Water Conservation – Steps Property Managers and Property Owners Can Take To Make Sure Water Isn’t Wasted
By Bill Haws, General Manager, Bill Howe Family of Companies
September 24, 2010
According to California Department of Water Resources, a detailed water audit and leak detection program found an average of 10 percent of water used is lost through leaks and wasted water. Are your tenants reporting water leaks?
You may be surprised to find out how many of your tenants do not report water leaks, whether it is an exposed leak from their faucet or it is a toilet that continues to run. If your tenants are not paying the water bill, or if your building does not have submeters and the water usage is determined by an allocation method, your tenants likely do not have vested interest in the amount of water they are actually using.
As the property owner or property manager, it pays to be proactive when it comes to saving water. A highly efficient way to make sure that water is not wasted at your property is to do a routine periodic inspection of all the plumbing within your building(s). Most of the inspection is visual and can be done by you. By checking for leaking faucets, running toilets and exposed leaking water pipes, you can catch about 85 percent of possible leaks within your property. You can also drop a dye tablet in the tank of a toilet to see if the dye leaks into the toilet bowl, catching a common non-visual leak. If you would like a professional technician to periodically inspect your property, a plumber should be able to completely inspect an eight-unit building in about an hour or less.
Several steps can be taken by you and from your tenants to make sure your building’s water waste is as little as possible. One of the most important steps includes installing water saving plumbing fixtures:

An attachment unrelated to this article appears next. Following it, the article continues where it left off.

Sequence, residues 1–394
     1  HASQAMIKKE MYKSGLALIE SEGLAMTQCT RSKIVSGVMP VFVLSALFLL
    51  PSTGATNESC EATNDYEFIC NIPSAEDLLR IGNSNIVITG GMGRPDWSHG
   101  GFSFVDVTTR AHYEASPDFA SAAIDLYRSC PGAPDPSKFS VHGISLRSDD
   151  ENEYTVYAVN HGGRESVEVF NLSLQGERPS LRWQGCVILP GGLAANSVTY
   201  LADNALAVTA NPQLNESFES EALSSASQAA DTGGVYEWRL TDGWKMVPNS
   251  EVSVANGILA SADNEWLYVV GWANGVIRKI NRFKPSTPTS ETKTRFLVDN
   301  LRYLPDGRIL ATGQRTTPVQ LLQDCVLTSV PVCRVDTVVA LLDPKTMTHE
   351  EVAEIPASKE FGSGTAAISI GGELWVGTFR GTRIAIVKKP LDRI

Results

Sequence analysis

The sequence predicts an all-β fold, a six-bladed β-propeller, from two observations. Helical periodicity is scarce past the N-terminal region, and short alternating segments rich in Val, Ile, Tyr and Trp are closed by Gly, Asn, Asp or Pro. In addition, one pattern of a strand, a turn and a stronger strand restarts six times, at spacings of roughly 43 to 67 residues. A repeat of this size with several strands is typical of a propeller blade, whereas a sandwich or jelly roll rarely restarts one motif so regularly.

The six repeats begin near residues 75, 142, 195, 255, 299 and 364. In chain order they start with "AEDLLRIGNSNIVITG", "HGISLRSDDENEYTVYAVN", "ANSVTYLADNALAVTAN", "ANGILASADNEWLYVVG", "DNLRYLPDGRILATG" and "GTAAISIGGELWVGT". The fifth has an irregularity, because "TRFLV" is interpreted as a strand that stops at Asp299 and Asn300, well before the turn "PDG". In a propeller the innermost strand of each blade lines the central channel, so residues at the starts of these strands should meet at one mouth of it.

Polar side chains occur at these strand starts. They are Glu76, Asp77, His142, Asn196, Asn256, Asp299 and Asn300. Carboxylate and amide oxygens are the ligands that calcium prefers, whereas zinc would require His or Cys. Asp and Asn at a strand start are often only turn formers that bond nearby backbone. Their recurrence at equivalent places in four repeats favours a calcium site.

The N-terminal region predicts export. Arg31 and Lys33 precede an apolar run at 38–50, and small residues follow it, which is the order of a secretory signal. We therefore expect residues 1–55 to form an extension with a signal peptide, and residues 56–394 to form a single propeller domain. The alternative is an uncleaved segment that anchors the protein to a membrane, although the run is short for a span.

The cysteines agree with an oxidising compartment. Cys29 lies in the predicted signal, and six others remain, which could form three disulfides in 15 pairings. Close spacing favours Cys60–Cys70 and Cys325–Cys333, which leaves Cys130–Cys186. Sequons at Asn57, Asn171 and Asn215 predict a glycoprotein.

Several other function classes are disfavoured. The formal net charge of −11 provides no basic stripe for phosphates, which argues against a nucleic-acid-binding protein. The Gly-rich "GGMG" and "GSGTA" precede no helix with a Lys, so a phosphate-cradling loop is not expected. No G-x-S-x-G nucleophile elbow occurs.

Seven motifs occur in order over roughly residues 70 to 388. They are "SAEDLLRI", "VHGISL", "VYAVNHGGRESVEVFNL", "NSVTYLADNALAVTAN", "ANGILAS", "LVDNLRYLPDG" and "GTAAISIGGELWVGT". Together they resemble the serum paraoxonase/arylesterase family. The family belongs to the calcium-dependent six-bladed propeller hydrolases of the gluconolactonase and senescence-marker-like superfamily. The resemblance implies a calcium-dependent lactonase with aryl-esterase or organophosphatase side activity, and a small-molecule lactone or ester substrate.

- Showerheads: Today you can purchase and install showerheads that deliver less gallons per minute (GPM) without sacrificing water pressure. The current standard for low-flow showerheads is 2.5 GPM, however there are fixtures available that deliver only 1.6 GPM.
- Aerators: Aerators control the flow of water that comes through your faucets, producing a smooth stream of water. Aerators are an important part in controlling water waste, but they can be removed easily. Making sure that you have water-saving aerators on every faucet is an easy and inexpensive way to conserve water.
- Toilets: Design for water conservation, high efficiency toilets (HETs) use 20 percent less water per flush than ultra low flow (ULF) toilets. The current standard under U.S. Federal law says that toilets must not use more than 1.6 gallons per flush. HETs go beyond the standard and use 1.28 gallons per flush, a 20 percent savings.
- Recirculation Systems: Hot water recirculation systems, also known as “recirc systems,” deliver hot water to fixtures rapidly, using a pump to quickly move water from a water heater to the fixtures. The amount of water saved using a recirc system depends on the way it is used. When used optimally, recirc systems will eliminate wasted water that goes down the drain while your tenants wait for their desired water temperature.
The City of San Diego is also taking additional steps to make sure that tenants are not abusing their access to water. New building developments for multi-family and mixed-use buildings that haven’t received building permits are required to include submeters for every unit. According to a study by Industrial Economics, Inc. in June 1999, water submeters are associated with decreased water usage, as much as 18 to 39 percent less than in-rent properties. The City of San Diego implemented this ordinance on June, 2010. These new regulations bring accountability to the tenants so that they are charged for how much water is actually used and not by an allocation method, which is usually inaccurate in determining water usage for individual units.
San Diego’s water supply is becoming increasingly important as prices rise and our imported water becomes more difficult to obtain. Developing regular water conservation practices will not only save you money, but will help California’s continuing challenge to solve the water supply crisis.